Saturday, August 6, 2011

"Purposelessness sanctifies the stay."

Globe Coffee House
76 Angelo Street, South Perth
Open Mon-Fri 7am-9pm; Sun 7am-5pm
(08) 9368 6999

I've been wanting to go to Globe Coffee House ever since I went on a little adventure through Angelo Street and laid eyes on their French quiches, macaroons and little desserts, gleaming in a large glass cabinet. At the time I didn't have my wallet, so I vowed to come back in the near future with a pocket full of pennies and an empty stomach. Predictably, it took me about a year to return, but as they say, better late than never.

Perhaps I will be back at Globe for dinner some time. Their A la Carte menu is an interesting mix of French, Italian, Asian & Western cuisine, moderately priced, and they've taken the effort to include local produce (Mt. Barker chicken, Esperance Lamb) and vegeterian or gluten free dishes. I'd go back just to dwell in the delightfully eclectic European decor, if anything.

On this visit I was having catch ups with the Kylie over breakfast, which was lovely after barely seeing her for a whole semester. She had a Cappuccino ($3.9) whilst I opted for the English Breakfast for One ($3.9) - and those are damn good prices for cafés these days, especially for a place which won a "Best Coffeehouse in WA" award last year. 

Since I'd blown a great deal of money on frivolities the night before, I had limited funds. So I decided to go for the Almond Croissant ($3.9) instead of the Full Breakfast, which was an incredible act of self control. While I was eating it, I was subconsciously comparing it with the fluffy, moist-on-the-inside and flaky-cripy-on-the-outside almond croissants at La Galette de France behind uni, so I was, inevitably, a little disappointed. The pastry was crisp, but at some points a bit dry, and I guess the filling was ok, but it just didn't quite do it for me since I've tasted the best Almond Croissants in Perth.

Kylie went for the Ham, Cheese & Tomato Omelette ($12.9) which was presented quite honestly, and tasted simple & fresh. What most people don't know about Kylie is that she's secretly a passionate cheese connoisseur, and she was of the opinion that they should have used cheese of a different variety to bring the flavours together. A person with mild lactose intolerance like myself couldn't really give an opinion on cheese, so I would say to trust the experts on this one. For next time I think I'm just going to order a plate of macaroons for breakfast. Foolproof.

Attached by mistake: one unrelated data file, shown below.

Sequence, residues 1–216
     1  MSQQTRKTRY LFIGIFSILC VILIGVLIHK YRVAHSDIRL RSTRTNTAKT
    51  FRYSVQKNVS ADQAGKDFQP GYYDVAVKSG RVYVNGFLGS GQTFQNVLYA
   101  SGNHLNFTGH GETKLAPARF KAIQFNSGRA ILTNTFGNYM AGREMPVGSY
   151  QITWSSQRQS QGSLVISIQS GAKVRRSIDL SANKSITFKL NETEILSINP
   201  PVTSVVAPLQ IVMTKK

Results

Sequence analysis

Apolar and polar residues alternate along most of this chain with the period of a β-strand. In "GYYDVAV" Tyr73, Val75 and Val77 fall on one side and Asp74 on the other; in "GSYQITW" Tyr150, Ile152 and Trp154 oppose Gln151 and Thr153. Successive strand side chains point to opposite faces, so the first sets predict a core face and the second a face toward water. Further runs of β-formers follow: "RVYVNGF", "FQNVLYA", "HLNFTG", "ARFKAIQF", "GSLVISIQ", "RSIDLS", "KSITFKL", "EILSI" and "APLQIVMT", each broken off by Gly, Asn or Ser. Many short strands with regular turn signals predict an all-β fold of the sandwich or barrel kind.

Whilst tucking in, I did my usual thing of looking around and absorbing the surrounds, the atmosphere, snippets of conversation, watched the waitstaff operate, and got a feel for the place. When I was looking absent-mindedly at the ceiling, I saw this peculiar little quote written on the eastern wall of the sun cavity:

"The only person who partakes of the most essential charm of this splendid 
coffeehouse is he who wants nothing there but to be there.
Purposelessness sanctifies the stay."

Underneath was the name "Ronald V. Booker 1148PM". So I thought that maybe the quote was of a dear old regular customer who had poetically exclaimed his personal liking for Globe Coffee House one day... at 11:48pm... and they were so proud that they had written it on the ceiling? However, after looking it up on the net I discovered two things:

1) I'm an idiot; and
2) The quote is actually from a book called "The Vienna Coffeehouse Wits".

According to my extremely shallow research, The Vienna Coffeehouse Wits (originally written in German) is a collection of essays and sketches written by a group of authors, who would sit in this café called The Vienna Coffeehouse to write. The writings are about many aspects of Austrian life from politics and war to theatre and fellow artists.

Only thing is, this particular quote seems to be taken from the essay in the book called Theories of Cafe Central written by someone with a completely different name - Alfred Polgar. So I have no idea who this Ronald Booker guy is, or what the 11:48pm means.

I love the idea of literature and coffee colliding in a little café in Vienna 100 years ago, and somehow making its way onto the wall of little coffee house in Perth, even if in some small way.
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